A nerdy question about Star Trek: First Contact nobody apparently has asked before today


Hey, so you you know those three super-advanced late-24th century quantum torpedoes that the Enterprise-E fired at the Phoenix in the climax of Star Trek: First Contact?

Whatever happened to them?

We know they never hit the ship, which means they just kept on a-flying. So presumably they didn't self-detonate after a specific period of time and just sailed on and on and on.

Now if this was in open (interstellar or intergalactic) space, obviously they would just sail on in a continuous direction forever. They are, however, in the solar system which means that while space is still massively vast with huge distances between everything, they are in the influence of numerous gravity wells. The Enterprise was in Earth orbit at the time, probably about 35,000km (and for those keeping score, I knew that without looking it up), and based on the geometry of the scene where the starship's shadow falls over the Phoenix cockpit, the torpedoes were being fired generally away from the planet. So now if becomes a question about how fast the torps were going: if they were going fast enough that Earth's gravity couldn't slow them down enough to pull them in, they would escape into "emptier" space. Otherwise they would have eventually fallen to earth [we had a 4 hour argument about that capitalization... -ed] or burned up in the atmosphere...and I'm not entirely comfortable with what a quantum torpedo would do if it burned up in the atmosphere.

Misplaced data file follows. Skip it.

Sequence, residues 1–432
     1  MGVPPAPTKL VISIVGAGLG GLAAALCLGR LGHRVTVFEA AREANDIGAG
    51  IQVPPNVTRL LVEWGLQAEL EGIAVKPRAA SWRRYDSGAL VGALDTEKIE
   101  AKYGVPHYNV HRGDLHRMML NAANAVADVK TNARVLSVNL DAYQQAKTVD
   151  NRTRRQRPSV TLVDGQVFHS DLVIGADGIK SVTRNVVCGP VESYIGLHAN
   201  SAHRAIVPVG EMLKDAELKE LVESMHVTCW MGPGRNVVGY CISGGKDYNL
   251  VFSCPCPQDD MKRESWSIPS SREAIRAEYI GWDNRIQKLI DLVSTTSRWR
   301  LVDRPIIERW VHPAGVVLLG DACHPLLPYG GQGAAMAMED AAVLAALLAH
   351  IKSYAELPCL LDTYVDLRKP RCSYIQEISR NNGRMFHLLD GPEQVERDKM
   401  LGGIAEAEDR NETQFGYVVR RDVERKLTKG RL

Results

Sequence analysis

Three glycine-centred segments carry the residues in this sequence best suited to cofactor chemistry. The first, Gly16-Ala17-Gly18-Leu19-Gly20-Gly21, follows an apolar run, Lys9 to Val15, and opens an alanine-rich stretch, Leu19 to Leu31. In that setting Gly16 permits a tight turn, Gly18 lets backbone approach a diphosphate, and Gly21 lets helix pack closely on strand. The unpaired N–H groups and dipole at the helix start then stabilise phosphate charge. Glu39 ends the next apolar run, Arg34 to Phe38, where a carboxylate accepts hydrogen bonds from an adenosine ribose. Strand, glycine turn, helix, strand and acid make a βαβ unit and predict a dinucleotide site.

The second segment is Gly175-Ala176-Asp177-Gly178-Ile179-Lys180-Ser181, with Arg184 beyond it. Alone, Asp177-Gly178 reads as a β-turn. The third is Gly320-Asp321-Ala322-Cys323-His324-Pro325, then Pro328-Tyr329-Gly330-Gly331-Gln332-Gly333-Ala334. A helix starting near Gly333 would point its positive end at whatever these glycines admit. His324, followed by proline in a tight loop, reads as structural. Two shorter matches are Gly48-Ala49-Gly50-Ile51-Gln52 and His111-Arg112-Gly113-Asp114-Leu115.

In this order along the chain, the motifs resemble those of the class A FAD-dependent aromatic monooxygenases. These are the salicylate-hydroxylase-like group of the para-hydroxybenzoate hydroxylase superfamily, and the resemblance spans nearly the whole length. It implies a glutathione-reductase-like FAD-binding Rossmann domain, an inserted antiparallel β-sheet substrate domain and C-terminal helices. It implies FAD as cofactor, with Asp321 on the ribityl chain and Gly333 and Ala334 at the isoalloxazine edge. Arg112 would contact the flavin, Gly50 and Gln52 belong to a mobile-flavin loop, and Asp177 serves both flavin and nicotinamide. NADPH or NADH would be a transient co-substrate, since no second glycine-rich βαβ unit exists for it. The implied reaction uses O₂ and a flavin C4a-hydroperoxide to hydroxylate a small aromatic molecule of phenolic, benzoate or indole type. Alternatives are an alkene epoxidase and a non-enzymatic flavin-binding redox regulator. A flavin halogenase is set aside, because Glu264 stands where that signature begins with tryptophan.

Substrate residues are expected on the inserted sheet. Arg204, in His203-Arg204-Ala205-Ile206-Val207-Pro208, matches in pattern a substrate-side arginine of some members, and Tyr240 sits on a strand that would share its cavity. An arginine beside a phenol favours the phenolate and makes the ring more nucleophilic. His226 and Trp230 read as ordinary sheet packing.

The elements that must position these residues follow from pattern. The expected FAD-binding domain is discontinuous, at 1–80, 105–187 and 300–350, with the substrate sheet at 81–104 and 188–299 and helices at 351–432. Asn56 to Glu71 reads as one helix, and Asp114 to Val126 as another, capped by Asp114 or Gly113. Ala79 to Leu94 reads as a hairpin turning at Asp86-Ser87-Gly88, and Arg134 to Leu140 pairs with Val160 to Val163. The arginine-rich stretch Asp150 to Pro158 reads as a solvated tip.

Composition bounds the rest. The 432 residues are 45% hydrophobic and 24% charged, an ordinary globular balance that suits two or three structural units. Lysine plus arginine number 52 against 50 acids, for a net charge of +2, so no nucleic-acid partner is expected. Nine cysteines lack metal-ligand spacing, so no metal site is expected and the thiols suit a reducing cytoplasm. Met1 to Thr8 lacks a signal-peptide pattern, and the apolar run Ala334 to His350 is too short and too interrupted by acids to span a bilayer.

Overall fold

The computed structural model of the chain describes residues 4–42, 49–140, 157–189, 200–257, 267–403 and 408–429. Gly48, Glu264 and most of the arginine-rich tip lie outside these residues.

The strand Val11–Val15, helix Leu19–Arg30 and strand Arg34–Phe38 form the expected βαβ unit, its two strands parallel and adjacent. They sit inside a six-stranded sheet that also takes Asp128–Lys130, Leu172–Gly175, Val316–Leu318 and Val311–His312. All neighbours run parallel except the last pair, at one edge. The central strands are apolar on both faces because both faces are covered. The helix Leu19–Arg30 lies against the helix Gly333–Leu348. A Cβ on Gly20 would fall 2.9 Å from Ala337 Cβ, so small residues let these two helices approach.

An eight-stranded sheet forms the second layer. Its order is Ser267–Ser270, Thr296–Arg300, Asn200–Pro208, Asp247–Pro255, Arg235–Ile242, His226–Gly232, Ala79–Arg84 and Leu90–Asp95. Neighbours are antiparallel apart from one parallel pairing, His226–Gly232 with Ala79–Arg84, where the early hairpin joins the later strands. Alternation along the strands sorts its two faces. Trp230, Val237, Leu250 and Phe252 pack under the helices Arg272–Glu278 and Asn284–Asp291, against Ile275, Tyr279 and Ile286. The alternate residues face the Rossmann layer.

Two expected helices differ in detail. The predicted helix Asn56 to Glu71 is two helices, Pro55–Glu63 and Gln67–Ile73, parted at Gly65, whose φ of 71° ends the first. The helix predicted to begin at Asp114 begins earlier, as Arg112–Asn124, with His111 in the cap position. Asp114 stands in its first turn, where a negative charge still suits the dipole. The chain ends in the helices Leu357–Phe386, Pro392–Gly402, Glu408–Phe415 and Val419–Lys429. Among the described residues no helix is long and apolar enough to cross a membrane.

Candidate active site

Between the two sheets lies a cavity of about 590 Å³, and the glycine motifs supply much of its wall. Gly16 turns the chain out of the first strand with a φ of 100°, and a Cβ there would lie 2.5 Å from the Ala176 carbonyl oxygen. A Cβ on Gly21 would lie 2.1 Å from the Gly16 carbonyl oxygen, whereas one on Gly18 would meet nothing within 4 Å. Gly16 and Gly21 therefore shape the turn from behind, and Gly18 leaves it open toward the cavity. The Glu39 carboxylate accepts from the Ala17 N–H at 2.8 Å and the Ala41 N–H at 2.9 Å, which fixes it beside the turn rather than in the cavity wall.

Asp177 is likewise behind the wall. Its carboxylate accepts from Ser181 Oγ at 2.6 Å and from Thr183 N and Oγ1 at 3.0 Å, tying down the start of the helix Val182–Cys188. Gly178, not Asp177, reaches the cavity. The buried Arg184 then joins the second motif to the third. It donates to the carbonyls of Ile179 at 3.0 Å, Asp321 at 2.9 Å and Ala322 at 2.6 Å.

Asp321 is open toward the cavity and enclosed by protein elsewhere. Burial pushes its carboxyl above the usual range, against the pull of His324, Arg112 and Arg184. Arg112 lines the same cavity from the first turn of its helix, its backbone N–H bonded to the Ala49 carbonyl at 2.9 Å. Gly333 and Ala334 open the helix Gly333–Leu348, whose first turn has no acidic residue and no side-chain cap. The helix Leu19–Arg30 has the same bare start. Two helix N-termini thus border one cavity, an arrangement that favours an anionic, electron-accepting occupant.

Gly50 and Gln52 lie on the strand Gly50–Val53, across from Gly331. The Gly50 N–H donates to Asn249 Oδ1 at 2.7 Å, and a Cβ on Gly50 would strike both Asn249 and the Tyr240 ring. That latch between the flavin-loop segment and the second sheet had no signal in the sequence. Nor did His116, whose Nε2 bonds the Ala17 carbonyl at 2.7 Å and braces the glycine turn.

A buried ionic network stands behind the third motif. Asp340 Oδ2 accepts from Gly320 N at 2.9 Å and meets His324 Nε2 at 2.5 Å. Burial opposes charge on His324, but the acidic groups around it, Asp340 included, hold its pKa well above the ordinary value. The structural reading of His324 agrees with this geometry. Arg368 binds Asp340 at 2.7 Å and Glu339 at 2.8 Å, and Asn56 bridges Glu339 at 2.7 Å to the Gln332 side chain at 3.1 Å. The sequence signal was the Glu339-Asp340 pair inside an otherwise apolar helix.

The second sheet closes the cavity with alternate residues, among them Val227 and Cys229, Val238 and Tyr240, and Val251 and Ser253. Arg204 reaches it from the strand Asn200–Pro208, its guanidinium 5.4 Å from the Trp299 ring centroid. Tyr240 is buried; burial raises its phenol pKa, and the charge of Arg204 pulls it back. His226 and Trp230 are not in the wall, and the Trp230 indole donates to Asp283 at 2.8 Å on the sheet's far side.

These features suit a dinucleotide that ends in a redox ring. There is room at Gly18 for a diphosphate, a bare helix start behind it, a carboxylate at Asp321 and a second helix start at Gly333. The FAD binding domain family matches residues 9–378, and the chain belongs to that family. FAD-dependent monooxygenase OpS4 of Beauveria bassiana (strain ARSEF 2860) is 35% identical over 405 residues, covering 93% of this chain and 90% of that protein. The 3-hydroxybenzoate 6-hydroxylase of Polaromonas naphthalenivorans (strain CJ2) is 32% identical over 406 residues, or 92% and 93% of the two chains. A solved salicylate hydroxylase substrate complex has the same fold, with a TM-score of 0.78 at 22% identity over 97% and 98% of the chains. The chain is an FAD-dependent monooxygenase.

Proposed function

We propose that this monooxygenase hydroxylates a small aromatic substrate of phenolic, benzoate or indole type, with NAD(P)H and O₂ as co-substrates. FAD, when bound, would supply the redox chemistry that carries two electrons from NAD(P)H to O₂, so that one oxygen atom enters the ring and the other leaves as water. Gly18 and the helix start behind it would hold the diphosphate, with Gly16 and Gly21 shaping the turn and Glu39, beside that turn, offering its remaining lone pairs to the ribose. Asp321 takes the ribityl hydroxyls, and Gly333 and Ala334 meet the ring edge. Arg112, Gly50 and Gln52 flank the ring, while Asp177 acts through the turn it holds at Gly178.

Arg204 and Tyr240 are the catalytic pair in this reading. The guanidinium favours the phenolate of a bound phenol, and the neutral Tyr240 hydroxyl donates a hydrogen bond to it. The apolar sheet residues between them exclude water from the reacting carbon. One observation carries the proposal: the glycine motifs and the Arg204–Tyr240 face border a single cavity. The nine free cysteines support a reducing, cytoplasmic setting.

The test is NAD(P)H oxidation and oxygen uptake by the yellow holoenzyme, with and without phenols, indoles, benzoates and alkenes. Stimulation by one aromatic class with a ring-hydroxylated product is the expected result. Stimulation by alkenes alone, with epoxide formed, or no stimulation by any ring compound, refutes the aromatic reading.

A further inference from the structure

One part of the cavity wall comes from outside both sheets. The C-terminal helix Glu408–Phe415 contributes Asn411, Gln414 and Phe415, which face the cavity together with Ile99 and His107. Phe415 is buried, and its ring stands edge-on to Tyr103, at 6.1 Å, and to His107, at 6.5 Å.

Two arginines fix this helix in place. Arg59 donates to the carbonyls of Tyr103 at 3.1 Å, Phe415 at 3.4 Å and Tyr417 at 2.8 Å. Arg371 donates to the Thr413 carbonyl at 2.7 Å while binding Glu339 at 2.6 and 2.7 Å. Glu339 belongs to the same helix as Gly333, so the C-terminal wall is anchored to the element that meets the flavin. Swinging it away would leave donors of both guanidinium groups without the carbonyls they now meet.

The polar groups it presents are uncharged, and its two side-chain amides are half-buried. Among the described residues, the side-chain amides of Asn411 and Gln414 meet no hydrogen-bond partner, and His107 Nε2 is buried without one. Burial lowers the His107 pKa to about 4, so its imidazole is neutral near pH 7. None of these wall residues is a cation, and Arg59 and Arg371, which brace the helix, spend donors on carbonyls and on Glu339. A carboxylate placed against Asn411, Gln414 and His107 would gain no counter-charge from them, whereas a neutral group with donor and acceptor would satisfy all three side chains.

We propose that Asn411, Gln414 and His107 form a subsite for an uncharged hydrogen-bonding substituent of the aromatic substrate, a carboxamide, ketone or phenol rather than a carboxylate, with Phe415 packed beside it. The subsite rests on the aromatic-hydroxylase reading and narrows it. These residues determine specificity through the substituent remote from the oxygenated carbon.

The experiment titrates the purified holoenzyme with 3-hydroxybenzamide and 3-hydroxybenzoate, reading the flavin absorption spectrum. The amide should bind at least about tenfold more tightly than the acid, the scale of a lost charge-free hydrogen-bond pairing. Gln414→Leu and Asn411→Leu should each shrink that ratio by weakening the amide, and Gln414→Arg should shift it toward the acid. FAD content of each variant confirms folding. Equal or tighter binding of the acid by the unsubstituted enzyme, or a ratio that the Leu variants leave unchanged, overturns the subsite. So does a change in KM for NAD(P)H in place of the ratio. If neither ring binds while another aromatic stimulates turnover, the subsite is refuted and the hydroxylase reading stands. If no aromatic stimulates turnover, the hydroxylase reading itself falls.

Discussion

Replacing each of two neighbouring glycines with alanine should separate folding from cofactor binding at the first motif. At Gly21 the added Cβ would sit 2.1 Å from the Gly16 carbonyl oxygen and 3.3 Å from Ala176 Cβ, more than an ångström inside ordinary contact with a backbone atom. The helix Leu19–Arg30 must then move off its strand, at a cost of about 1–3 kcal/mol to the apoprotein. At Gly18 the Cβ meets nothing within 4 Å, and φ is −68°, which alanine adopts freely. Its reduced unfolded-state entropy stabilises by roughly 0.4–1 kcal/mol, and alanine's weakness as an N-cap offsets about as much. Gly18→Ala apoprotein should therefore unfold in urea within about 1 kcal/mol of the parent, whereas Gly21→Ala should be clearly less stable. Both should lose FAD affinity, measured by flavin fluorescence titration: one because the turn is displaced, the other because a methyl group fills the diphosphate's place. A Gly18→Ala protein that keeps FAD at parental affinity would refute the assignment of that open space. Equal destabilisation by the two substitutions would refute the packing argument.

If the torpedoes did escape the Earth's gravitational pull, it would still be influenced by the Sun's gravity as well as the gravity of neighbouring stellar bodies such as the Moon and possibly Mars or Jupiter. A soft landing on the Moon or Mars is a possibility, otherwise they could be in a slow orbit around the Sun. And in that situation isn't the ever-expanding human expansion into the cosmos going to eventually result in the torpedoes being discovered? And either accidentally exploded or successfully reverse engineered? Star Trek: Enterprise bothered to bring the Borg back for 22nd century adventures but nobody ever covered what happened with these torpedoes.

So we swing back to the two (er, 2.5) options depending on the speed of the torpedoes. How fast were they going? Here's where things get tricky and many a canon argument comes from.

Based on what we saw on the screen, the quantum torpedoes were going less than 60 km/hr. Not only is there an agonizing (and dramatic for the purpose to create suspense in some imaginary audience that might have been watching Picard and Data's adventures) delay between shooting the quantum torpedoes and them flying past the Phoenix, but we watch them pass the Phoenix at a speed that if you were driving this on the Anthony Henday I'd point my handgun at you.